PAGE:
Thanks to Laura, Dean and Adam for being a part of this. Big thanks to Michael Dalton Allred for making it all happen and for being there with words of encouragement from the get go.

That’s my contribution to this awesome project. Be sure to get the Madman 20th Anniversary Monster this December 14th (some sources say the 21st). Don’t take my word for it; look at that roster. It’s got all of my favorite cartoonists and yours. Support your local comic shop while you’re at it, and have a happy holiday!


Art & Illustration Sometimes I Like Stuff

Summit Street Maps: Reeyobigs Edition


I was asked by a peer to draw up John Carter, even though the only thing I knew about the character was that Gil Kane drew him once. I liked the challenge of working on something unfamiliar, especially if it has swords. I never get to draw swords.


Death To the Universe has a great piece about the unique visual demands that only comics can carry (that’s putting it as broadly as possible). A Treatise on Optics nails one of the many aspects that make comics an important and beautiful art form.

On a loosely related note, another one of my favorite blogs, Heavy Discussion, recently posted a bunch of pictures and commentary of old zines. I think having tactile proof of one’s interests may be archaic, but it still has a lot more intimate power than we give it credit for. Having said that, don’t rule out the notion that HD may have inspired this post.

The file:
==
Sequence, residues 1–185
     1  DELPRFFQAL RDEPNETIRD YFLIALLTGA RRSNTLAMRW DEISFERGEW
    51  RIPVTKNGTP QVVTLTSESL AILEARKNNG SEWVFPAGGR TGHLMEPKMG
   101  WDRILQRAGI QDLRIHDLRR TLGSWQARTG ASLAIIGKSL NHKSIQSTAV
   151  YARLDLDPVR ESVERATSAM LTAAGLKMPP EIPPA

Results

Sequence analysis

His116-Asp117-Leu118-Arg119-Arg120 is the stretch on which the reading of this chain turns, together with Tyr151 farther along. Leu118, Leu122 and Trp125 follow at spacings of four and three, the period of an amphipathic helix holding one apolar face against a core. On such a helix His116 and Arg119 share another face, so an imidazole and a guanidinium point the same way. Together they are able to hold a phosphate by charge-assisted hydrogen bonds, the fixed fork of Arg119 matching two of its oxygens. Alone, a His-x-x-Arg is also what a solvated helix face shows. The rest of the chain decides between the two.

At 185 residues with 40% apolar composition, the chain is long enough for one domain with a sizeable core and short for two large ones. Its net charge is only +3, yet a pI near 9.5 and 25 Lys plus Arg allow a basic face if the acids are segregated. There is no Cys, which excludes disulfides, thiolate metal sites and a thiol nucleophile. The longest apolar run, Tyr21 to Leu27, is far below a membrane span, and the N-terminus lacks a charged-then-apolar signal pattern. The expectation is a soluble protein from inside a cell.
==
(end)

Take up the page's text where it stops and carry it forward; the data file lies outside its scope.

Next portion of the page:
It’s not weird for me to look up and find that Slave to the Rhythm has been on repeat all afternoon. That, and a bunch of podcasts. Baseball on the radio might as well come next. Perhaps the hum of an electric fan may do the trick.

Brett Gelman has a new podcast up: Gelmania. That’s right, the guy behind the immortal iBrain teamed up with Tim Heidecker for this one. I hope it’s a recurring thing. It’s all good, but the 17:12 mark is where you want to be.

I wonder if that bit was the reason Marc Maron sounded bummed while talking to Neil Hamburger recently. Neil, who sings for one of the most important figures in Metal, usually leaves me in tears. I can see how awkward and out of place it is to have him come out in this intimate way that Maron’s cultivated.


Nick Abadzis wrote a piece about the Russian Cartoon Music concert played by the Brooklyn Philharmonic, an event we recently attended in Brighton Beach. Nick’s got some exceptional drawings accompanying the article. Good to see Blaise Larmee and J-Shasta leave comments.

Did I mention that Tony Salmons has a blog? Yeah, and he’s posting tons of original and unseen art over there. I have to pry myself away from the screen whenever he posts something.

In an unprecedented move, I discovered that I was basically wrong in my hateful assessment of the Legion of Superheroes: Five Years Later. I’ll write about the experience at length sometime soon but in a nutshell: I love the Giffbaum era of the title and have become obsessed with its place in comics. I recently came across Tom Bierbaum’s livejournal, where he describes what went on with each story he wrote issue by issue! I know… thank me later.